Things to Come

Al Jacobs

The title of this article is not unique; I’ve stolen a portion of it from one of the most exotic writers of all time: Englishman Herbert George Wells (1866-1946) – perhaps better known as H. G. Wells. Though prolific in many genres, he’s best remembered, along with Jules Verne and publisher Hugo Gernsback, for his science fiction works. Nominated four times for the Nobel Prize in Literature, he could certainly be regarded as the father of science fiction.

His novel, The Shape of Things to Come, published in 1933, speculates on future events up to the year 2106. A devastating war following a long economic slump leaves Europe devastated, ruled by petty dictators and threatened by plague. Wells describes how enlightened world-citizens depose the tyrants and establish a habitable world order devoted to peaceful pursuits and utopian ideals.

With this as our introduction, let me welcome you to the year 2020, in which following a profound economic slump, America appears to be ruled by petty dictators and immersed in a continuing plague. Whether or not enlightened citizens will dispose of the tyrants and establish a more habitable order remains to be seen. Unfortunately, Mr. Wells is no longer around to write the ending; sadly, we’re on our own.

Although the devastation currently being foisted upon us is nationwide in scope, my view of it is local. For this reason, I’ll mostly confine my comments to what I’m personally viewing. If conditions elsewhere are more or less favorable, my knowledge of them will, by necessity, be based upon articles and statistical reports I encounter.

At this moment we’re suffering from a variety of ailments, where unemployment seems to be the most devastating. During the past eight months millions of Americans lost their jobs … though perhaps this is more accurately described a little differently, in that in the past eight months millions of jobs ceased to exist.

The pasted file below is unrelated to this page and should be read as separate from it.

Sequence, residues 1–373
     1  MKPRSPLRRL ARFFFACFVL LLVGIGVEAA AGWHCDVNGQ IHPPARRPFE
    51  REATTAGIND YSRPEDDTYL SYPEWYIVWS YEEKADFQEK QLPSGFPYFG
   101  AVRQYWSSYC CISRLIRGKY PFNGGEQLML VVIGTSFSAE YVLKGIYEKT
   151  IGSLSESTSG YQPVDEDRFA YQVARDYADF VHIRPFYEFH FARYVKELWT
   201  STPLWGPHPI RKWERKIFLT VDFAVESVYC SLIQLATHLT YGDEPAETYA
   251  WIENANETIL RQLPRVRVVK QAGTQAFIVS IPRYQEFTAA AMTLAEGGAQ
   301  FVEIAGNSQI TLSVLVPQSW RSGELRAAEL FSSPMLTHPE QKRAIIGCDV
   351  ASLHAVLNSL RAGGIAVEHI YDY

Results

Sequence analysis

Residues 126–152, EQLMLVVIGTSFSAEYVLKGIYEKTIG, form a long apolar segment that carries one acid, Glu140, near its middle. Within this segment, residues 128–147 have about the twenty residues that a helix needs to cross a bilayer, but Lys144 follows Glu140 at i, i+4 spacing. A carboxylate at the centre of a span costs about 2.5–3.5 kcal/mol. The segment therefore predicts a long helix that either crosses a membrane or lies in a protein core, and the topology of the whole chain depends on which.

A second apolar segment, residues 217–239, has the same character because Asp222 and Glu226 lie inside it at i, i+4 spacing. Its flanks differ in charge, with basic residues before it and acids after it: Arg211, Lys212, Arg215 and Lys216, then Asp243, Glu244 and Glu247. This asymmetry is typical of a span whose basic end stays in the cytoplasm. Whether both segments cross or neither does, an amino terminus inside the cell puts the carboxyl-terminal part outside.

Quite recently an Associated Press article stated the coronavirus caused “depression level unemployment.” Sorry, but I disagree. In reality, the depression-level unemployment is the result, not of the virus, but of state and local governments’ pointless reaction to it. Those equally innocuous viruses which previously appeared year after year were mostly ignored.

The second-most unconscionable result of the COVID pandemic is the dictatorial control seized by governmental entities at every level, whereby citizens are coerced into performing every conceivable type of compliance under threat of fine or other punitive action.

Massive lock downs, amounting to penal incarceration devoid of any criminal charges or conviction, may be ordered on nothing more than a governor’s whim. Furthermore, forced shutdowns of every sort of business or social activity, for reasons defying rationality, are commonplace.

Perhaps most onerous of all, governmental announcements and proclamations, as well as the utilization of a compliant media, are employed to intimidate anyone who might be persuaded by the claims being circulated. It’s fair to say millions of Americans are currently deathly afraid of a virus which valid studies by both Stanford University and the University of California verified as having a mortality rate no greater than one in 10,000.

If a single word can be used to most accurately describe the effect of the virus on the vast majority of those persons who happen to contract it, the word is asymptomatic – meaning no symptoms whatever.

The question which now deserves to be asked – and answered – is vitally important: How has our nation’s encounter with the coronavirus during these past nine months affected us? From a medical standpoint, as I’ve just indicated, most recipients of the virus are unaware of it. Those who actually note some effect normally recover within a week or two.